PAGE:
I had the opportunity to attend my first independent school open house of the season this past weekend. I love the atmosphere of an open house; there is so much excitement in the air. From the buzz of potential families chatting to the enthusiasm of the faculty and staff as they showcase how they fulfill the mission, open houses really emphasize the community feel.
With all the excitement, an open house can be a lot to process afterward to determine if next steps should be taken. Here are some questions to ask if you are unclear on next steps:
If you have enthusiastic answers to all the answers above, then follow the next steps of engagement for the school admissions process, which may include a parent tour, the application, a student visit day or an interview.
Enjoy your school visits!
As you shop for school supplies for the upcoming year, “planner” is often on the supply list, especially for middle school and high school students. There are some schools that supply planners for the students. As a former administrator, I did this for many years. I would get together a student committee to pick out the cover for the year, select the supplemental materials (periodic table, world map, etc.) and I would order and distribute on the first day of school. The company that I used, like many of the planner companies, didn’t allow for different formats for organizing time. All were horizontal blocks of space with a date, and students would have to figure out their content within this box. I didn’t use it myself, as I prefer to organize in time blocks, with lists. I started noticing that students were purchasing their own planners or not using it, preferring their phone or computer as their main organizational tool. After talking with students, I discontinued purchasing planners because I was promoting a “one size fits all” type of atmosphere when it comes the planning. Instead, with the help of staff, we opened the conversation around organization and finding the right fit for them. Here are some key questions to ask when shopping for an organizational tool:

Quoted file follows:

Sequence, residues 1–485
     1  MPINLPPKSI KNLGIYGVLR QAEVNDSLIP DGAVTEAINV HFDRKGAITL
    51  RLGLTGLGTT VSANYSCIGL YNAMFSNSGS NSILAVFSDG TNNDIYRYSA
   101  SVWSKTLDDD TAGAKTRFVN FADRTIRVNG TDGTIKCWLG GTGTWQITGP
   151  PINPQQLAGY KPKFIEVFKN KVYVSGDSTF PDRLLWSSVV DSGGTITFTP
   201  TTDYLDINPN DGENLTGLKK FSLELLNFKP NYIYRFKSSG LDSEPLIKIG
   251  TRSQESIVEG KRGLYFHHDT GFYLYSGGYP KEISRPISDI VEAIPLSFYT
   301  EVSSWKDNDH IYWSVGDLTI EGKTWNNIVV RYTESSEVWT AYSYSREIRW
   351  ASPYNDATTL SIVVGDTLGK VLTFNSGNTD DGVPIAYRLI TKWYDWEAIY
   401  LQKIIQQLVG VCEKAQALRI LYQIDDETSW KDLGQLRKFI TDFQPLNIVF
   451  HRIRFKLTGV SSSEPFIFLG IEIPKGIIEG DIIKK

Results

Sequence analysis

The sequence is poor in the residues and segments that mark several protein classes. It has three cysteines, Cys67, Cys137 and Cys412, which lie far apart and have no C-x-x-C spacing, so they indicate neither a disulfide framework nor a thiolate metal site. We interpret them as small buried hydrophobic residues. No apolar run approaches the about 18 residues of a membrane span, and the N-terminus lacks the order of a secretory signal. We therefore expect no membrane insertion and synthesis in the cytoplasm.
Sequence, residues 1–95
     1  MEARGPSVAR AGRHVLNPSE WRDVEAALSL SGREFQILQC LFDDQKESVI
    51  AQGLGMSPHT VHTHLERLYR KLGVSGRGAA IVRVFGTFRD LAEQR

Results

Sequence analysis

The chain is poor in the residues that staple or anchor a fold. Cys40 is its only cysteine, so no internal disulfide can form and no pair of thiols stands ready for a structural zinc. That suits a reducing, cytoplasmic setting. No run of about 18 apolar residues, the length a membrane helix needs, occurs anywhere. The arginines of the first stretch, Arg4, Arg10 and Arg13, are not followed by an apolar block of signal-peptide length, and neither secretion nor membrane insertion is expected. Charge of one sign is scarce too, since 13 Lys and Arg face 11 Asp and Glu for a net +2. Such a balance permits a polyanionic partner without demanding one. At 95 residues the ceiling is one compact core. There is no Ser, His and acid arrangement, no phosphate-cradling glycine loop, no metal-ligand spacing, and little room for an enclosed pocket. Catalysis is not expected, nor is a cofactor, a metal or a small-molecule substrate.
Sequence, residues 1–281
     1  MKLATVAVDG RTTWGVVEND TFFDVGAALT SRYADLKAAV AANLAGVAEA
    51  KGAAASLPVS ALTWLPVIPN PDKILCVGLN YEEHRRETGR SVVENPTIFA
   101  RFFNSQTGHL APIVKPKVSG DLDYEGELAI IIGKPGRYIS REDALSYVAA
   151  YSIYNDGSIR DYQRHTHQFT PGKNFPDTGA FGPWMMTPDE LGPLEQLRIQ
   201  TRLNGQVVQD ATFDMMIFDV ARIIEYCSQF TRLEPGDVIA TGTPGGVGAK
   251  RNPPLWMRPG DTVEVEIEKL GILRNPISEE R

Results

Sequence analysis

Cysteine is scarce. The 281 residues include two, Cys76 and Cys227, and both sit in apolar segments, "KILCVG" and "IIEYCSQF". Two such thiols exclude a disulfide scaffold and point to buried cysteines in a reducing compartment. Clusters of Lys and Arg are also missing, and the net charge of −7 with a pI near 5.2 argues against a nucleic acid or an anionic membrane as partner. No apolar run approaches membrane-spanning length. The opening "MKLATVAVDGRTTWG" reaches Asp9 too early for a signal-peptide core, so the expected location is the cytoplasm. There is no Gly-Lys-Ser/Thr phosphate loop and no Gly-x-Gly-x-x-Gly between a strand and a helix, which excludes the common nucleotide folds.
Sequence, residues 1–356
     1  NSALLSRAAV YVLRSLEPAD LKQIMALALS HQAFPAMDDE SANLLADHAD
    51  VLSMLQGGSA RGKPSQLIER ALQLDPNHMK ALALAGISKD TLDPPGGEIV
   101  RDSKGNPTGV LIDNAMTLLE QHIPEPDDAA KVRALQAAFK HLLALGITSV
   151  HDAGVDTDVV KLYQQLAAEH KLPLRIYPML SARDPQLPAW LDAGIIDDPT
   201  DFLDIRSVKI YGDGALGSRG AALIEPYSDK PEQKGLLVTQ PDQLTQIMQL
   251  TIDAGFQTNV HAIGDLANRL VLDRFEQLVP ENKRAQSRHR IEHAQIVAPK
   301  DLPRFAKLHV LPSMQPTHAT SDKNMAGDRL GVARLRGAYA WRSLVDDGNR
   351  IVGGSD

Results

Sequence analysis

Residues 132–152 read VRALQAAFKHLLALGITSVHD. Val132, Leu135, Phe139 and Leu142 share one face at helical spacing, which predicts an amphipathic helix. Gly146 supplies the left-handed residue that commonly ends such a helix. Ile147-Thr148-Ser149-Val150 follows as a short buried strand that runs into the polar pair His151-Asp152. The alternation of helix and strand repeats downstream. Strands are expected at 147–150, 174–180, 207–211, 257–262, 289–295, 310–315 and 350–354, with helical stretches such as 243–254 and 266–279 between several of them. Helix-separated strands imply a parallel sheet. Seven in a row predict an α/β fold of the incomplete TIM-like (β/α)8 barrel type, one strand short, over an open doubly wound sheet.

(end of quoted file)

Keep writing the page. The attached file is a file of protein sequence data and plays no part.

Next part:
How does your student like to organize?
Does your student love notebooks and hard copies of documents? Love different pens, highlighters and stickers? Or are they attached to their phone, tablet or computer and digital color coding and icons? Either way is fine! It’s OK to have your student use Outlook, Google Calendar or other apps to organize their time! If your student prefers to e-organize and their school does require a tangible organizational tool, match up a simple calendar that looks as close to their favorite application as possible.
What format comes easy to them?
Does your student organize in lists? Daily timetable? Weekly calendar? Month-at-a glance format? Choose a format that they can utilize to fulfill their goals- whether it is checking off the list for the day, or looking at the whole month and chunking time accordingly, your student should feel a sense of accomplishment for whatever window of time feels best for them.
What does not work for them?
It’s also important to realize what doesn’t work for organization. I had a student who loved a brand of planner that many of her peers had. The planner itself was very colorful and was fun to look at. Inside, the planner just had blank blocks of time for each day. This student needed help with structure and while she loved having the planner for aesthetic appeal, she was not comfortable using it because it wasn’t a good tool for her.
Hopefully these questions can start a conversation with your family around how everyone can best organize their time and tasks.
I am sure most of us had summer reading lists when we were growing up. I was a big reader and used to go through book after book in the summer, staying up late insisting that I was just going to read “one more page” and then I would turn the lights out.
As an adult, I have tried to make reading a priority, especially during the summer. I feel there is nothing like getting lost in a page turner during plane travel, and still insist that I will only read “one more page” and then turn the lights out.
While I do make sure that I have some recreational books, I always make a reading list for myself during the summer. Summer is a time to recharge and reconnect for so many, including myself. Through this idea, I make sure that I read a couple of books that will launch me into the fall and teach me something new that I can pass along to students and families.
I am a re-reader, so this summer I am rereading Mindset by Carol Dweck. I am also reading Teach Your Children Well by Dr. Madeline Levine. Both titles have a brief synopsis on my Bookshelf page. I look forward to putting both titles to work as we launch into school searches in the fall.
Enjoy the rest of the summer of relaxing and recharging!